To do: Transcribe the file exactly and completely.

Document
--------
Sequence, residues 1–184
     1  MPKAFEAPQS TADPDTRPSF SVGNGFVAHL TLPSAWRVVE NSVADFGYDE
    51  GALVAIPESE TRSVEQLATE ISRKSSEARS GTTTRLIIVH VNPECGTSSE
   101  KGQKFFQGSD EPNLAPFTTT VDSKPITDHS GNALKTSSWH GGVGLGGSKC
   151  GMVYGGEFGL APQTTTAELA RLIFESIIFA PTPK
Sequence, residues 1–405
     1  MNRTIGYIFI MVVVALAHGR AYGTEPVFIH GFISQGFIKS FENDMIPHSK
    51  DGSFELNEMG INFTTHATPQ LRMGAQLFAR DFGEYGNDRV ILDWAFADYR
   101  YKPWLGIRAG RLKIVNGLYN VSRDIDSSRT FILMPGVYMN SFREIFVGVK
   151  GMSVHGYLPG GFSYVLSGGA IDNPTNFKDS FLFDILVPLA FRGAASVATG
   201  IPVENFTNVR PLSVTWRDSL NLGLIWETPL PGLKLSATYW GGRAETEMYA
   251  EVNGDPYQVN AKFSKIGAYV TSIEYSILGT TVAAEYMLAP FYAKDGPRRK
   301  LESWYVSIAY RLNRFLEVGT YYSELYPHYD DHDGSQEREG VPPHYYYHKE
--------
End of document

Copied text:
Sequence, residues 1–184
     1  MPKAFEAPQS TADPDTRPSF SVGNGFVAHL TLPSAWRVVE NSVADFGYDE
    51  GALVAIPESE TRSVEQLATE ISRKSSEARS GTTTRLIIVH VNPECGTSSE
   101  KGQKFFQGSD EPNLAPFTTT VDSKPITDHS GNALKTSSWH GGVGLGGSKC
   151  GMVYGGEFGL APQTTTAELA RLIFESIIFA PTPK
Sequence, residues 1–405
     1  MNRTIGYIFI MVVVALAHGR AYGTEPVFIH GFISQGFIKS FENDMIPHSK
    51  DGSFELNEMG INFTTHATPQ LRMGAQLFAR DFGEYGNDRV ILDWAFADYR
   101  YKPWLGIRAG RLKIVNGLYN VSRDIDSSRT FILMPGVYMN SFREIFVGVK
   151  GMSVHGYLPG GFSYVLSGGA IDNPTNFKDS FLFDILVPLA FRGAASVATG
   201  IPVENFTNVR PLSVTWRDSL NLGLIWETPL PGLKLSATYW GGRAETEMYA
   251  EVNGDPYQVN AKFSKIGAYV TSIEYSILGT TVAAEYMLAP FYAKDGPRRK
   301  LESWYVSIAY RLNRFLEVGT YYSELYPHYD DHDGSQEREG VPPHYYYHKE